This is such a compelling idea that both Democrat and Republican health policy makers envision relying on such a restructuring of the industry to lower the cost and improve the quality of care under Medicare and Medicaid. It is the rare example of bipartisan policy consensus.
These ACOs are just now beginning to emerge, as hospitals scramble to buy up medical practices, put doctors on salary, automate their records and coordinate care delivery. But they also will need the services of insurance companies, which uniquely have the actuarial data and expertise to calculate a capitation rate for a given group of customers, one that is low enough to compete but high enough not to lose a lot of money.
Steven Pearlstein is a Pulitzer Prize-winning business and economics columnist at The Washington Post.
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Some insurers are getting into the business by offering these services under contract to hospitals and clinics, as Aetna has done with Inova in Northern Virginia and Carilion Clinic in Roanoke. Sooner or later, some of these regional collaborations are likely to lead to outright mergers between insurers and provider groups. When that happens, it will be important that the provider groups have a wider range of partners. Although there are 1,300 health insurers in the nation, Coventry and Amerigroup are two of only a handful of midsize insurers that have the size and capital to become the basis for an ACO that can compete on a national scale.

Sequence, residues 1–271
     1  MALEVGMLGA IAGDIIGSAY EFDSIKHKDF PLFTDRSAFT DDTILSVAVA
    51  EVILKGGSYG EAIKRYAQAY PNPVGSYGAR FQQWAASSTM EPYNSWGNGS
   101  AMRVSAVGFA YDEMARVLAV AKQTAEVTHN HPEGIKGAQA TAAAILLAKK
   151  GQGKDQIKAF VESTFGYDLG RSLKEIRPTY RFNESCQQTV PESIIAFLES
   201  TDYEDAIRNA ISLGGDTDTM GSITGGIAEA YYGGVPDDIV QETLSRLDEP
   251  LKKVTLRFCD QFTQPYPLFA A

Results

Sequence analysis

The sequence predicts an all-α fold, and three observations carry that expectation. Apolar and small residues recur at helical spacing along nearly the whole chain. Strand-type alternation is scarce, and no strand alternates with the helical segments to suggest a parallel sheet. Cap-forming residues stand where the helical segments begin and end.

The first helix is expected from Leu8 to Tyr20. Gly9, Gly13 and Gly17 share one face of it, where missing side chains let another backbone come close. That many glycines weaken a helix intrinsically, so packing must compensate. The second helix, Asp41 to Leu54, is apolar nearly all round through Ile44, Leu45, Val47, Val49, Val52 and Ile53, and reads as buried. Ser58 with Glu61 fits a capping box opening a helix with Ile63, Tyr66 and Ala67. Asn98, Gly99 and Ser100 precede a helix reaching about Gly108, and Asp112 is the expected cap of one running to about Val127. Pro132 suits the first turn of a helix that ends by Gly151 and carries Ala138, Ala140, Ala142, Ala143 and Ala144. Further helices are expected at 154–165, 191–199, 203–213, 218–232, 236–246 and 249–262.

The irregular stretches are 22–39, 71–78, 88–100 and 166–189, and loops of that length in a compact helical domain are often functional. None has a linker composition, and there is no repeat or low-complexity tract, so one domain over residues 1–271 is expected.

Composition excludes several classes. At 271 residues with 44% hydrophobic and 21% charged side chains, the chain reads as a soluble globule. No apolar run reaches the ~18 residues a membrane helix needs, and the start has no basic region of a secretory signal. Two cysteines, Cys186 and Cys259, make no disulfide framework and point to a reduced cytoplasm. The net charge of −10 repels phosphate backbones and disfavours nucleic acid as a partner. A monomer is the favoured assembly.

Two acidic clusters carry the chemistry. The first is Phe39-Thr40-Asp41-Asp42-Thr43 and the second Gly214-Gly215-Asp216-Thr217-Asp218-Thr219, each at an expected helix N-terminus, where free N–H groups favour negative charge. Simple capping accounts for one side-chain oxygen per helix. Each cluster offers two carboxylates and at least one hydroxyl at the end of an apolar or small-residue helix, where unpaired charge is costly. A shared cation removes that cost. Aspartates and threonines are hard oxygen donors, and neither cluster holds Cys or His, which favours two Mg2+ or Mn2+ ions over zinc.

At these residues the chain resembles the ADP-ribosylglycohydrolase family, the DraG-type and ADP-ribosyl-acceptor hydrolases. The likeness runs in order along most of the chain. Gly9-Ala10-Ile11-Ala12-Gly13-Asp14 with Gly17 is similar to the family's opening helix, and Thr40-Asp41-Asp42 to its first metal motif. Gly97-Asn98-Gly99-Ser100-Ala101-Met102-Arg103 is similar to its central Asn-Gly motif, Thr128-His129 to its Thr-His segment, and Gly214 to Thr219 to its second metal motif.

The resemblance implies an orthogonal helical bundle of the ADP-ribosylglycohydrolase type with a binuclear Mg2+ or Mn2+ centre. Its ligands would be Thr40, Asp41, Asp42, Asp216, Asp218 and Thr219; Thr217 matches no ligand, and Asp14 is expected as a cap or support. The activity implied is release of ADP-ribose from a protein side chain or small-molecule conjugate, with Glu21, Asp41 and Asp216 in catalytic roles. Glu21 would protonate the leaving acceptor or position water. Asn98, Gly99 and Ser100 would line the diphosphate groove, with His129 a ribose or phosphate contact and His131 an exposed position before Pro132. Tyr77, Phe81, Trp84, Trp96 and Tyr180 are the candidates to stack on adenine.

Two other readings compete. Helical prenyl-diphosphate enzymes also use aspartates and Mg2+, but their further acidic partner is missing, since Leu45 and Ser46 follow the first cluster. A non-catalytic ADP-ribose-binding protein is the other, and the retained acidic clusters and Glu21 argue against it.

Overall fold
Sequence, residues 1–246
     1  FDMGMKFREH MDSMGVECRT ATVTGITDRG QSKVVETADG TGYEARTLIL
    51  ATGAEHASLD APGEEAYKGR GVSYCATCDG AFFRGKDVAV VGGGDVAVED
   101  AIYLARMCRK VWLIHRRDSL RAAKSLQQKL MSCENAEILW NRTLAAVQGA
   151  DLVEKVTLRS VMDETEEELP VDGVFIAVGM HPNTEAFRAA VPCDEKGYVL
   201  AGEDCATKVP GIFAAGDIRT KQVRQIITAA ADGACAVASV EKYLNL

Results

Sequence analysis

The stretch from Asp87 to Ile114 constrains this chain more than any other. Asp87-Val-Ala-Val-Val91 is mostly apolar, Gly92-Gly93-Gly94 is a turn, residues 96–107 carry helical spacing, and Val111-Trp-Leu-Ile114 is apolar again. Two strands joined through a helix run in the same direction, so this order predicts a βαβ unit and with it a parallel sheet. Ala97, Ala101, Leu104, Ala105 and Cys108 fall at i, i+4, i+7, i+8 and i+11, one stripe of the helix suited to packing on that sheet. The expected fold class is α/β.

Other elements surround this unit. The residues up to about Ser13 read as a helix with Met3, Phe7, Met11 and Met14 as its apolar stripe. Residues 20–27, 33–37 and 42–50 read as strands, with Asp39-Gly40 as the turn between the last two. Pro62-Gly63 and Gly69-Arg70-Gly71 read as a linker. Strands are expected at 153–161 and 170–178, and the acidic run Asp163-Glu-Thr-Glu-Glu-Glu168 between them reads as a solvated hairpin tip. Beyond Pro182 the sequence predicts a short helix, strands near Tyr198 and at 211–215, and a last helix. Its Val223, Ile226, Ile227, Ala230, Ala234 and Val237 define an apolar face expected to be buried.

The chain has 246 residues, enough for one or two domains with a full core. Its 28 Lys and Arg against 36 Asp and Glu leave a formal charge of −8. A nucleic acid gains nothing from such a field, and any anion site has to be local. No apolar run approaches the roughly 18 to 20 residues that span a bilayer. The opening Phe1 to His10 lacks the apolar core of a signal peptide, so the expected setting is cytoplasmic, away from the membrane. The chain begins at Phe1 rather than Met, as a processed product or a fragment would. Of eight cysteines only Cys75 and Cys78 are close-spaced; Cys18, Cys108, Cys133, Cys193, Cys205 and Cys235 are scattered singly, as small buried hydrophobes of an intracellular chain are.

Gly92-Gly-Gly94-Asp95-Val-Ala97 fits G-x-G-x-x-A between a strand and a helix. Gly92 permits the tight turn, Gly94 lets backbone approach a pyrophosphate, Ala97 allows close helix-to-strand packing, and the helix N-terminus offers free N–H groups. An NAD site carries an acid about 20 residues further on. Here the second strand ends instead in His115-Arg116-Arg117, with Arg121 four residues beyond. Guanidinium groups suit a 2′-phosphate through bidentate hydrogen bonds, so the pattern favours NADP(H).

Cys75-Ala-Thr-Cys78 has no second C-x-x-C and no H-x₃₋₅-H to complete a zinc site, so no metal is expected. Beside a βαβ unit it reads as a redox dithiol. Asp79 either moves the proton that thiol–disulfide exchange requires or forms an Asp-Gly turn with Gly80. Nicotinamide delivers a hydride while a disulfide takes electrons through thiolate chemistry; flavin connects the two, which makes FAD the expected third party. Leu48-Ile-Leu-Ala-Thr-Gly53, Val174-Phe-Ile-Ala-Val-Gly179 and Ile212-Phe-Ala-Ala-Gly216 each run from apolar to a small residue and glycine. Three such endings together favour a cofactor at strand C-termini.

That’s another reason why Justice should block these two deals. Under the static and somewhat cramped analysis that is often used by antitrust officials, these mergers would appear unlikely to reduce competition in today’s markets. But the antitrust law requires consideration of the impact of a merger not only on current competition but potential competition as well. In a fast-changing world, antitrust analysis should be forward looking, dynamic, even speculative. By that criteria, allowing giants such as Aetna and Wellpoint to foreclose potential competition would harm consumers and taxpayers.
If Aetna and Wellpoint want to increase their share in the Medicare and Medicaid markets, great! They have the capital, expertise, reputation and technology to do it the old-fashioned way, competing head-to-head with Coventry and Amerigroup. That would truly be pro-competitive.
Instead, these proposed acquisitions are nothing more than an end-run around competition by allowing these giants to pay a premium price for existing contracts, customers and market share. They will add little or no efficiency to our inefficient health system while allowing the shareholders and executives of Coventry and Amerigroup to withdraw billions of dollars in needed capital from the sector. If Justice fails to draw the line here, then it will be merely giving the green light to another round in the consolidation arms race that has already helped to produce the most expensive health-care system on the planet.